Egyptian President Mohamed Morsi is drawing fire for appointing Muslim Brotherhood officials to a majority of 17 provincial governorships this week. But the appointment of a hardline Islamist to the district covering the heart of Egypt's tourism industry is causing particular anxiety.
Hundreds of people in Luxor protested outside the governor's office Monday after Morsi appointed Adel el-Khayat to lead the province. El-Khayat is not in the Muslim Brotherhood. Rather, he's a part of the radical religious movement al-Gamaa al-Islamiya's political party. Al-Gamaa members claimed credit for killing 58 tourists during a 1997 attack at a temple in Luxor.
"No to the terrorist governor!" read a protester's sign.
In addition to the connection to the attack, el-Khayat's Construction and Development party advocates banning alcohol sales, nightclubs and dress codes for modesty.
"Doesn't the president know that the people of Luxor depend on tourism for their livelihoods?" asked protester Abubaker Fadel. The area is home to some of Egypt's greatest antiquities, including King Tutankhamun's tomb. But visitors already have fallen off since the 2011 uprising against Hosni Mubarak's government and the Brotherhood's ascension to power.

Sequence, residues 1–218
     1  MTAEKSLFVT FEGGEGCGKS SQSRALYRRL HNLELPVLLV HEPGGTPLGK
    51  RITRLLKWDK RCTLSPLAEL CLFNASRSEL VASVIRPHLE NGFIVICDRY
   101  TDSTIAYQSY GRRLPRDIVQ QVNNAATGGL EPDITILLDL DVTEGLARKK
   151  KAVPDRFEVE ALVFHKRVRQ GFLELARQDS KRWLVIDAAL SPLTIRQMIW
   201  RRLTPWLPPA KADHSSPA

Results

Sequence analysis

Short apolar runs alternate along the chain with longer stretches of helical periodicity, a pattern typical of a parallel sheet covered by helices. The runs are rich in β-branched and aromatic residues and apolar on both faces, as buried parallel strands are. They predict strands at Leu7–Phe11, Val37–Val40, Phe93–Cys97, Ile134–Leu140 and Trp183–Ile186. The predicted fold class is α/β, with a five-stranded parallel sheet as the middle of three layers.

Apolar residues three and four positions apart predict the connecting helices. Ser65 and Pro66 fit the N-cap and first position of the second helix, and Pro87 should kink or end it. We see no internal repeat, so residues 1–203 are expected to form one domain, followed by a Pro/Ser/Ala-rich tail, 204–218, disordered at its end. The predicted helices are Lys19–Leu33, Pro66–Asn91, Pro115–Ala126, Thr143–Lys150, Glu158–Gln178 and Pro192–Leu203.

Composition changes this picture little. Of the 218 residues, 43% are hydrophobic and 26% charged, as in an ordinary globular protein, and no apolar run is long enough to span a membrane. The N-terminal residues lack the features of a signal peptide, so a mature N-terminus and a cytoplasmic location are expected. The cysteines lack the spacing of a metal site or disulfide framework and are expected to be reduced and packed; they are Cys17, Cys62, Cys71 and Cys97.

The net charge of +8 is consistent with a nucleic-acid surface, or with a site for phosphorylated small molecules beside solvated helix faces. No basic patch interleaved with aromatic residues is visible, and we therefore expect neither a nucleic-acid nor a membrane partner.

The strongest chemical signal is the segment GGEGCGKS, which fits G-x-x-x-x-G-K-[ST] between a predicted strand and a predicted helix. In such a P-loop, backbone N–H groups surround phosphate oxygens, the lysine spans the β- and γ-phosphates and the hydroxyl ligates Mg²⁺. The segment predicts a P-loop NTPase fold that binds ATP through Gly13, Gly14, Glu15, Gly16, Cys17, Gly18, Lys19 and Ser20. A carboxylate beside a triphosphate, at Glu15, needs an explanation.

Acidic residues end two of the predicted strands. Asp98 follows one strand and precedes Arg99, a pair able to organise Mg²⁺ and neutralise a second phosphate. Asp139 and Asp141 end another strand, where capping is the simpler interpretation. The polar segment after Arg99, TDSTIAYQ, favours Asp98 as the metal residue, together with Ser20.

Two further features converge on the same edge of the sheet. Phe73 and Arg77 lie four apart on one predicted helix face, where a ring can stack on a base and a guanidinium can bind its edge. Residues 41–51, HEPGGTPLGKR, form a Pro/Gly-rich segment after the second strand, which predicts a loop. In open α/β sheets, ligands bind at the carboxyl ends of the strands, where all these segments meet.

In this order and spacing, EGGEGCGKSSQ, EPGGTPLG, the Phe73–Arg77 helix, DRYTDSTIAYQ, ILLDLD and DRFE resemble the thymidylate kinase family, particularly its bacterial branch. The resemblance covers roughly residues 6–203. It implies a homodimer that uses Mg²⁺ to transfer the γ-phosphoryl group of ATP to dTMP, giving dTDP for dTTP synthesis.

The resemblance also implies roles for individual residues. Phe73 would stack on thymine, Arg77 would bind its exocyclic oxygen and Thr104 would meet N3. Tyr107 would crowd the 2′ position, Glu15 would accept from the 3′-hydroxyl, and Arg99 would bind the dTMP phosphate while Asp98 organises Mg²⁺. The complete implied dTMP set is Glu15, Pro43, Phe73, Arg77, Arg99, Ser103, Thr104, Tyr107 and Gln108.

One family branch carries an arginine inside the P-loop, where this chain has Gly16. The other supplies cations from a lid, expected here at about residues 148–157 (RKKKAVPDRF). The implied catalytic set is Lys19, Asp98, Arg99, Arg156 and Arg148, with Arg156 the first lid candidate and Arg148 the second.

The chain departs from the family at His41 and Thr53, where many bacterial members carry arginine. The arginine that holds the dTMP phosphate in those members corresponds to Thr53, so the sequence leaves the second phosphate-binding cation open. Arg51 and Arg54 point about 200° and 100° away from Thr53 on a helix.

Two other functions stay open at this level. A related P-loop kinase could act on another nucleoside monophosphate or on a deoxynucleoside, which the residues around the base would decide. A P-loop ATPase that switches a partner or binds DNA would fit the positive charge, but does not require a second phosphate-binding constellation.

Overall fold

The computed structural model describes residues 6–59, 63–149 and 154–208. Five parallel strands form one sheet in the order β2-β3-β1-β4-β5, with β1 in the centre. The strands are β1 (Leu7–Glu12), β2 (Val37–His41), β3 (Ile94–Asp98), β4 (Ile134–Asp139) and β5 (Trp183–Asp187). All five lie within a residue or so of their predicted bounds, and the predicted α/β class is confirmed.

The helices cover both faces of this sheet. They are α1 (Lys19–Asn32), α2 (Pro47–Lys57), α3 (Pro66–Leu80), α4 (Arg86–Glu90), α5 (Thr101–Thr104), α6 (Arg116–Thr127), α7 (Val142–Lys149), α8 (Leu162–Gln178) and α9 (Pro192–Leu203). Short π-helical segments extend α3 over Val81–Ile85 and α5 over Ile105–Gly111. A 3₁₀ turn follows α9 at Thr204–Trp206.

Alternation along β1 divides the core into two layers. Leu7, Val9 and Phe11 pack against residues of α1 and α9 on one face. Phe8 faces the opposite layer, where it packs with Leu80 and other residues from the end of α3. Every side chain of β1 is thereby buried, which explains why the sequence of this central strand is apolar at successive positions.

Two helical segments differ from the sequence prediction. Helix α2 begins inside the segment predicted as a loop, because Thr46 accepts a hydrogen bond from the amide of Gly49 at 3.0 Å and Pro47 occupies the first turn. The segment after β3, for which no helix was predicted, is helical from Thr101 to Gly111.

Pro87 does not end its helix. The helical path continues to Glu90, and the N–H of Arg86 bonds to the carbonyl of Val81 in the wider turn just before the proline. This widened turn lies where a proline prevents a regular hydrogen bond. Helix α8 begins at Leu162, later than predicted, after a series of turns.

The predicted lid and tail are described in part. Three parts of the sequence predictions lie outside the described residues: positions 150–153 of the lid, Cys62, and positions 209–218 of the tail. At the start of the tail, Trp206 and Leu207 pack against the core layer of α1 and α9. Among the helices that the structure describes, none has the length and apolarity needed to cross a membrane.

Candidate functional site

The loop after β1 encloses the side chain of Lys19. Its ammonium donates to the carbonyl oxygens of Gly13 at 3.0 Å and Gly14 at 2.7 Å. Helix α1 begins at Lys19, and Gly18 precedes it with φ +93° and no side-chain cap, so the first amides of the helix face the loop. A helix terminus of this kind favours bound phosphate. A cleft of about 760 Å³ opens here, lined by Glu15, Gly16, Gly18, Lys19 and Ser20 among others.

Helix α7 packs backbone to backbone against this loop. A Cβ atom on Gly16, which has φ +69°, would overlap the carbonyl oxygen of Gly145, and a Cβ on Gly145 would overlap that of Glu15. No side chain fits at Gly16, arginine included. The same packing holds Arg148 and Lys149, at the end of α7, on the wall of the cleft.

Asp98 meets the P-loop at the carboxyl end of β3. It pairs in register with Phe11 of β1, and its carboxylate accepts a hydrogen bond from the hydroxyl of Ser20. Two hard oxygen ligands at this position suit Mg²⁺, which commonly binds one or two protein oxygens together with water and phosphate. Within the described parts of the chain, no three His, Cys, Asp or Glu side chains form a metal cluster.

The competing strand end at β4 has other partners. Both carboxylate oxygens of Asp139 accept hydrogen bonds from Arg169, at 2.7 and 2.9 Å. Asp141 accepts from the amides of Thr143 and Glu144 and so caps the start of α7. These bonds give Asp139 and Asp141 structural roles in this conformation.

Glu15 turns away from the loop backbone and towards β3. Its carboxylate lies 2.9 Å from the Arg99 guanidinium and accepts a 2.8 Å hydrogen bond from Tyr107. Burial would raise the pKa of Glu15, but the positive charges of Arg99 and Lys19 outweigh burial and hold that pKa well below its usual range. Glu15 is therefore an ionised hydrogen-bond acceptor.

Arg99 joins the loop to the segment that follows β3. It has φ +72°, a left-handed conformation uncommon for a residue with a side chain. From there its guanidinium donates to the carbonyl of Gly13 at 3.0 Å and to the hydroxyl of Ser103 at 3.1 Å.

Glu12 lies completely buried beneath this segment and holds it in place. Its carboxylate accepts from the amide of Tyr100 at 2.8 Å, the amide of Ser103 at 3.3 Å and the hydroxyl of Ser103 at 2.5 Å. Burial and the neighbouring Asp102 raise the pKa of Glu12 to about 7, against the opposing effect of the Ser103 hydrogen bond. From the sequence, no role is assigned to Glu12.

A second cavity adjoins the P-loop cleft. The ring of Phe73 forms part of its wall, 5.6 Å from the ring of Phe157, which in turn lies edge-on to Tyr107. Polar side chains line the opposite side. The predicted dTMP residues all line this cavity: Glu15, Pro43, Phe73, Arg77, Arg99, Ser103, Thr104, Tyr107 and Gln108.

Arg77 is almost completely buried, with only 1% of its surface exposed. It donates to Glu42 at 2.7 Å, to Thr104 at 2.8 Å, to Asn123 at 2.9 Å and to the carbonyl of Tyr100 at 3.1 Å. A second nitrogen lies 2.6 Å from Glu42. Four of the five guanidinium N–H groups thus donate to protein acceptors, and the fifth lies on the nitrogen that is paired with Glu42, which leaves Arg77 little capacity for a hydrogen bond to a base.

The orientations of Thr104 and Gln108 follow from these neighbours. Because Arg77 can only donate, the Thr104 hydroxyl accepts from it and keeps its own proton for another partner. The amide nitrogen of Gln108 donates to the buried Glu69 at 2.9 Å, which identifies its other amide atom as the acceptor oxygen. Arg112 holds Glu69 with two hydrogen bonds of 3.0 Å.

Tourism Minister Hisham Zaazou resigned in protest of el-Khayat's appointment.
In response, Salafi and Muslim Brotherhood counter-demonstrators ringed the governor's office today, hoping to clear a path for el-Khayat to enter.
The appointment struck many Egyptians as particularly tone-deaf, coming amid widespread discontent with Morsi's leadership just a year into his term. "It's as if the Muslim Brotherhood is reaching out to the extremists," American University in Cairo historian Khaled Fahmy said.
In addition to el-Khayat, Morsi tapped Muslim Brotherhood officials for eight of the 17 vacant governorships. Brotherhood members now fill 10 of 27 governorships. That's significant because, in addition to local matters, governors carry strong influence over arranging elections.
Opposition groups say Morsi is trying to monopolize power in Egypt for the Brotherhood. They hope to garner 15 million signatures on a petition calling for early elections, to be released before Morsi's one-year anniversary in office June 30.
Opposition leader Mohamed ElBaradei called Morsi's government "a surreal and absurd regime."